Estimation of evaporation for Lake Van


ENVIRONMENTAL EARTH SCIENCES, vol.75, no.18, 2016 (SCI-Expanded) identifier identifier

  • Publication Type: Article / Article
  • Volume: 75 Issue: 18
  • Publication Date: 2016
  • Doi Number: 10.1007/s12665-016-6077-4
  • Journal Indexes: Science Citation Index Expanded (SCI-EXPANDED), Scopus
  • Keywords: Evaporation, Energy balance, Methods comparison, Water temperature, Lake Van (Turkey), WATER TEMPERATURE, IRRIGATION WATER, EASTERN ANATOLIA, AIR-TEMPERATURE, SHALLOW LAKE, MODEL, EQUATIONS, WETLAND, SURFACE, REGION
  • Hacettepe University Affiliated: No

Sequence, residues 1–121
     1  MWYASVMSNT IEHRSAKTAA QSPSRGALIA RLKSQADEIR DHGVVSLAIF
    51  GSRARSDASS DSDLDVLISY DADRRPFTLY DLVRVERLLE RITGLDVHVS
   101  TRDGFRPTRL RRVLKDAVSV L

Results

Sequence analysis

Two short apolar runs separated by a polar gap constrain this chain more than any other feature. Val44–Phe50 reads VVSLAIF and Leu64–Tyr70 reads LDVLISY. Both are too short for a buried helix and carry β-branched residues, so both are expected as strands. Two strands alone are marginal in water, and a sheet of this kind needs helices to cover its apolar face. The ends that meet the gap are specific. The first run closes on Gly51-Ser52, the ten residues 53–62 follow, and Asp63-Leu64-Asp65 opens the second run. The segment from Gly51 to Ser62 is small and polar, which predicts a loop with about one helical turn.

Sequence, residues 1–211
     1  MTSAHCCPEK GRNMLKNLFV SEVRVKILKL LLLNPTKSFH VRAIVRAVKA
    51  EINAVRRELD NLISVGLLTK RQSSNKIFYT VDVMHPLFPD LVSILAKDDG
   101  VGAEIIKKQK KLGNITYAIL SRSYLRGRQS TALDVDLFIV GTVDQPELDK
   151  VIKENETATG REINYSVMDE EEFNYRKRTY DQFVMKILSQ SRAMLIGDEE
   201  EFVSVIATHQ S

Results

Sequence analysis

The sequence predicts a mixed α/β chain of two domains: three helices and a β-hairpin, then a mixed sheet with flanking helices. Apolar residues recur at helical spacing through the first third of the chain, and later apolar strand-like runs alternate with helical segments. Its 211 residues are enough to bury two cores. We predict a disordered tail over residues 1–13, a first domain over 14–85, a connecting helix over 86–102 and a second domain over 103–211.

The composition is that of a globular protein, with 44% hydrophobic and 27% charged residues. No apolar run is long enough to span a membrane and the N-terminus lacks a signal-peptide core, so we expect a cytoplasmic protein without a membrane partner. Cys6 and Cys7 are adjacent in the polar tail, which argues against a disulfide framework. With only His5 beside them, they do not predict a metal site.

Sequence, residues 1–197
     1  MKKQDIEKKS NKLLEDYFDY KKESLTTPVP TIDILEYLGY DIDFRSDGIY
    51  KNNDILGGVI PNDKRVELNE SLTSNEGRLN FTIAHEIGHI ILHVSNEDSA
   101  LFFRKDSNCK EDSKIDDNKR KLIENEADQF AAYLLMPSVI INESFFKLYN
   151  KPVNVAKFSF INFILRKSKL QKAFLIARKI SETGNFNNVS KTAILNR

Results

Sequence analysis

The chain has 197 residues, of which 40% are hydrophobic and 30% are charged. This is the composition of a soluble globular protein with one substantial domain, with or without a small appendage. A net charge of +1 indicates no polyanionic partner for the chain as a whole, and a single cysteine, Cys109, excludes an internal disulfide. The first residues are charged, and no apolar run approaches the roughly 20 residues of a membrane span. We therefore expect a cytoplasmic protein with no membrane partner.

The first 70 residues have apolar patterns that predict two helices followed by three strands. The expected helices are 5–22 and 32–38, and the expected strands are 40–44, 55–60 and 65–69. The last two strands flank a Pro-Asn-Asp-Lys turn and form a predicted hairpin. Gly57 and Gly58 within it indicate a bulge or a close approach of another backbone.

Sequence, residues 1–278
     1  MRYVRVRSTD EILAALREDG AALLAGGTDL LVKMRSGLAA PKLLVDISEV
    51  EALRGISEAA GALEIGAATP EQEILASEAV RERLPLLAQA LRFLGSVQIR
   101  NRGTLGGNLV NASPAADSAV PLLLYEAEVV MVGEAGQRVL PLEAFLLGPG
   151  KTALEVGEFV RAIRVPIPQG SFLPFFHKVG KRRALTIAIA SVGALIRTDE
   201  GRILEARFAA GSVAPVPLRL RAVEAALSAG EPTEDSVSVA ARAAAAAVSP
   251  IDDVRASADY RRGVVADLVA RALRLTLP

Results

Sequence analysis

An evaporation study was conducted at Van Lake, one of the largest soda lakes on Earth, which is located on a high plateau in the Eastern Anatolia region of Turkey. Evaporation on a daily basis for the Gevas, station located at the southeastern shore of the lake was calculated using the Bowen ratio energy budget (BREB), Priestley-Taylor, deBruin-Keijman, Penman, and deBruin methods. The calculated evaporation values were then compared and tested with previously calculated and measured evaporation rates. Compared with available measured evaporation data, the best evaporation estimations (within +/- 0.5 mm/day) were made by the BREB method. The BREB calculations made in this study were statistically significant at the confidence level of 99.9 % for estimation of evaporation at the Gevas, station. Relationships between the calculated BREB evaporations and historical climatic records were also examined to propose a new empirical equation for evaporation estimation for the case of Lake Van. The best regression equation with a coefficient of determination (R-2) of 0.9399 was found between BREB evaporation values and incoming solar radiation (Qs) values. A power regression model proposed to estimate daily evaporation rates from Qs values was statistically significant at the confidence level of 99.9 %. Additionally, a few regression models were also examined to predict the surface water temperature of Lake Van from recorded air temperature. The highest coefficient of determination (0.974) and moderate standard error (3.12 degrees C) values were obtained from a polynomial air-water temperature model. Estimated lake water temperatures using the polynomial model were within +/- 10 % of observed lake water temperatures.